True to his training, Braque enjoyed working with many different materials, noble or banal, such as stone, wood, earth, metal or plaster. In 1922, during his rupture with cubism and the debut of this thematic work, he created the canephors, the most significant of these panels. In 1925, three years after he moved into his new house constructed by the architect Auguste Perret on the rue du Douanier (renamed rue Georges Braque), he would reprise the canephor theme on two interior panels.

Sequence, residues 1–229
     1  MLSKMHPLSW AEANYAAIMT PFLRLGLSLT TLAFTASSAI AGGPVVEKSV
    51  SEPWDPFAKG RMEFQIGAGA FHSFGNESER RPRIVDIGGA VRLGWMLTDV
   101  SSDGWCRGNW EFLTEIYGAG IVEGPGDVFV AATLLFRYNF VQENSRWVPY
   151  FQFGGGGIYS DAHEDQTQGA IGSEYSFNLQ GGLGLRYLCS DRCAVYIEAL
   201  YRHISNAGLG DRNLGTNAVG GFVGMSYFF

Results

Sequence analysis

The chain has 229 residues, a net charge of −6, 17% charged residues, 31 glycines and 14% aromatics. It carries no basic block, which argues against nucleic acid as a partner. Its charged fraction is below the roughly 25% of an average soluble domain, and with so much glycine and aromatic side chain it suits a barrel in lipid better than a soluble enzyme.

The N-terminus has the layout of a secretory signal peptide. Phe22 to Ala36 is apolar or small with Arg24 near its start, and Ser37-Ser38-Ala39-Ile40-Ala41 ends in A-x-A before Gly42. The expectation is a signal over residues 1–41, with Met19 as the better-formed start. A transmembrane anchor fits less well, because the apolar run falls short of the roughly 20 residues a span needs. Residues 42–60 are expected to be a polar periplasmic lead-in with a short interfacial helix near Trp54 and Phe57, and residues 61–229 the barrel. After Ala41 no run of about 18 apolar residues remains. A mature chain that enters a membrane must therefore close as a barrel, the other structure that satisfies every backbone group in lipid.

The valorization of these interior panels shows how Braque valued art for its place within life, within a domestic sphere, as much as for its conceptual value of line and volume. These panels were further shown in museums worldwide. Jean Leymarie, Braque’s biographer, said these panels “harmonized with both the atmosphere of the room and with its rustic furniture.”
Braque worked on decorative panels his whole life. One of those most famous of these pieces was a fine piece of inlay wood marquetry called le Canard (The Duck – 1956). These decorative panels were both considered as art and as furniture. La Cruche et le Compotier (The Jug and the Fruit Bowl), remarkable and renowned, and originally part of Braque’s living room, was later exhibited worldwide.
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